View Poll Results: What is your favorite tool to train with?

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  • Forms/Kata

    4 18.18%
  • Sparring

    3 13.64%
  • Self Defense Techniques

    5 22.73%
  • Drills

    7 31.82%
  • Other/Not Mentioned

    3 13.64%
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Thread: Favorite tool to train with

  1. #1
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    Default Favorite tool to train with

    Out of all the methods of training in martial arts, what is your favorite and why?

    I like drills, like the "Circle of Humiliation" or "Running the Line", because in my mind it's an excelent way to see if one can actually apply the knowledge attained from learning self-defense techniques.
    "It is sobering to reflect that one of the best ways to get yourself a reputation as a dangerous citizen these days is to go about repeating the very phrases which our founding fathers used in the struggle for independence." Charles A. Beard

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    Default Re: Favorite tool to train with

    I agree, it's the drills that I have the most trouble with, which is why I like to do them the most. They really do get my mind thinking and help to increase my technique effectiveness.

    Sparring would be a very close second, followed by warm-up exercises to increase stamina.
    "Your kung fu's no good..."
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    Default Re: Favorite tool to train with

    Well, the question was *favorite*, and I love doing forms! I trained at a TKD dojang for a while just so I could learn their "hyung." The other things are fun too, but the forms give a good feeling of accomplishment.

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    Default Re: Favorite tool to train with

    Self Defense and of course the most important tool ... my mind.
    PARKER - HERMAN - SECK

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    Default Re: Favorite tool to train with

    I chose sparring (at least for today, LOL) because it's such a great cardiovascular workout. Also, I think a lot of Kenpo black belts live in an illusion with the 154 techniques. They think because they can pound the heck out of an uki (even though they already knew the attack ahead of time) they are fighting machines.

    What I like about sparring, however, is that nothing is predetermined. The guy in front of you is trying to take your head off (assuming you are fighting full-contact) and the techniques are not chosen ahead of time. As such, you have to learn perceptual speed by reading your partner before he moves.

    That is why techniques AND SPARRING must be interwoven into one's training regimen to really learn effective self-defense.
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    (Phillipians 4:13)


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    Default Re: Favorite tool to train with

    Favorite tools? The only ones that really matter:

    The mind/synoptic interface.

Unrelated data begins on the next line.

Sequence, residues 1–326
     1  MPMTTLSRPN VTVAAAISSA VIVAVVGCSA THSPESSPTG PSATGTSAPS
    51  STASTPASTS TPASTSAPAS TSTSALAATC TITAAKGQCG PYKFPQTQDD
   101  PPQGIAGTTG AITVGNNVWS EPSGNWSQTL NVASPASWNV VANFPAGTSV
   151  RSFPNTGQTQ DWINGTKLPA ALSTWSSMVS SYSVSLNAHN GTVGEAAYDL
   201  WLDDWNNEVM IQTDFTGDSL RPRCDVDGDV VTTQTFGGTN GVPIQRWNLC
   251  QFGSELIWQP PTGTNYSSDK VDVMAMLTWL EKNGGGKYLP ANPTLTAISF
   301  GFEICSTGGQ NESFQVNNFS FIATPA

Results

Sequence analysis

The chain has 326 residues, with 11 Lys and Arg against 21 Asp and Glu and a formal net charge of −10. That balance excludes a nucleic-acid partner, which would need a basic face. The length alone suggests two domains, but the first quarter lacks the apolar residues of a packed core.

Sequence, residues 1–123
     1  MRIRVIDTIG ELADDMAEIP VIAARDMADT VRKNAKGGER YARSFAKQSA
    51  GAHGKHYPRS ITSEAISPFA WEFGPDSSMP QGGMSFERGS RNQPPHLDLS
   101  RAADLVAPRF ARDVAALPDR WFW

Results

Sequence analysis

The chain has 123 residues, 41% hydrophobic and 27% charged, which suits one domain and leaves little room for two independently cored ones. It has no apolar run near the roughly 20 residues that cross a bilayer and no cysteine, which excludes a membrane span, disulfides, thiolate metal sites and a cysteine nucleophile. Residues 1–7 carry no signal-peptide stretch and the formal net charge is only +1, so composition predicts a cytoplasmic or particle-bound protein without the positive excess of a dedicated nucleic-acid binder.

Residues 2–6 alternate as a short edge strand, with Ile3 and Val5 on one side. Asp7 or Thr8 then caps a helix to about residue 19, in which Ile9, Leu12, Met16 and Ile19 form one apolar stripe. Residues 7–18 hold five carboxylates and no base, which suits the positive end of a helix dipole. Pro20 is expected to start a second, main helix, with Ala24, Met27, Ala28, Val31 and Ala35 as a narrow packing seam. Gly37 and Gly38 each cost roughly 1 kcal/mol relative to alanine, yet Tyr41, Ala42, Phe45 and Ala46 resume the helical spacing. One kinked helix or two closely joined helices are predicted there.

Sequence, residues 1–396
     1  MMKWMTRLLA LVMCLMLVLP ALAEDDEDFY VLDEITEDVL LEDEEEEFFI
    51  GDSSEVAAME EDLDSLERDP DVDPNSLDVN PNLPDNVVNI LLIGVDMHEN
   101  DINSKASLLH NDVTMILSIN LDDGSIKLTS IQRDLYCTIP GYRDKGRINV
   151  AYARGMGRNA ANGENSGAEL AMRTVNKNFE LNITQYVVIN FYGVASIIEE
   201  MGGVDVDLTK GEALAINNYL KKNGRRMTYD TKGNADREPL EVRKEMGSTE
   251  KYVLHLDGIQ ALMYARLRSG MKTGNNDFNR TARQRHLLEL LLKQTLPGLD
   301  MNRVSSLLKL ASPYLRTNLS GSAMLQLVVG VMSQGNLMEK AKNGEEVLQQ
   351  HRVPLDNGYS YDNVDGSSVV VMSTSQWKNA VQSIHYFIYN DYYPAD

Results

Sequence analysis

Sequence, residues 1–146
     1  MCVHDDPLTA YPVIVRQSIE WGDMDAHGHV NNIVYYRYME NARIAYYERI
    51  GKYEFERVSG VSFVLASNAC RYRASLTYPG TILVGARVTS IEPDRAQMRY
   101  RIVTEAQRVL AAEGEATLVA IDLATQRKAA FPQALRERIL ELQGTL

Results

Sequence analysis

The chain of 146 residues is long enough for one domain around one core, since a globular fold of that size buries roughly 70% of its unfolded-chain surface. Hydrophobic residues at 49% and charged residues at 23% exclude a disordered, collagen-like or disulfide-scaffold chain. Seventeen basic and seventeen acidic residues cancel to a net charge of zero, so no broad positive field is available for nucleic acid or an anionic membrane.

Everything else is built on/around this. Without this at your base, the rest is just suprefluouse nonsense. Even if you structure your understanding and reflexes incorrectly, it is likely better than having no structure at all at this level of application.

    Dan C
    Last edited by thedan; 05-22-2007 at 04:54 PM. Reason: (note: more than one kind of structure)
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    Default Re: Favorite tool to train with

    Quote Originally Posted by Seabrook View Post
    I chose sparring (at least for today, LOL) because it's such a great cardiovascular workout. Also, I think a lot of Kenpo black belts live in an illusion with the 154 techniques. They think because they can pound the heck out of an uki (even though they already knew the attack ahead of time) they are fighting machines.

    What I like about sparring, however, is that nothing is predetermined. The guy in front of you is trying to take your head off (assuming you are fighting full-contact) and the techniques are not chosen ahead of time. As such, you have to learn perceptual speed by reading your partner before he moves.

    That is why techniques AND SPARRING must be interwoven into one's training regimen to really learn effective self-defense.
    Shame on you for even suggesting something like this.
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    Default Re: Favorite tool to train with

    Difficult to answer really.
    I love it all.

    BUT: My favorite is to do a DRILL and throw techs at random w/in the drill, so that we have to read and adapt right away.

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    Default Re: Favorite tool to train with

    I put drills. I also like sparring and when we're required to create a tech off of a given attack and then critiqued on it.

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    Default Re: Favorite tool to train with

    Quote Originally Posted by KenpoJuJitsu3 View Post
    Shame on you for even suggesting something like this.
    Ha, ha.
    I can do all things through Christ, who strengthens me.
    (Phillipians 4:13)


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    Default Re: Favorite tool to train with

    Definitely drills.

    I like them for a couple of reasons.

    If there is a principle that I am struggling with, I can focus on just that principle until I am more comfortable.

    Doing drills under the watchful eye of an instructor helps reduce the chance of burning in bad habits.

    Plus the anxiousness (for lack of a better word) and energy of performing something on your own, without being able to "cheat" by looking at others and without being able to stop halfway through and asking your training parter "Wait, what was next?"

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    Default Re: Favorite tool to train with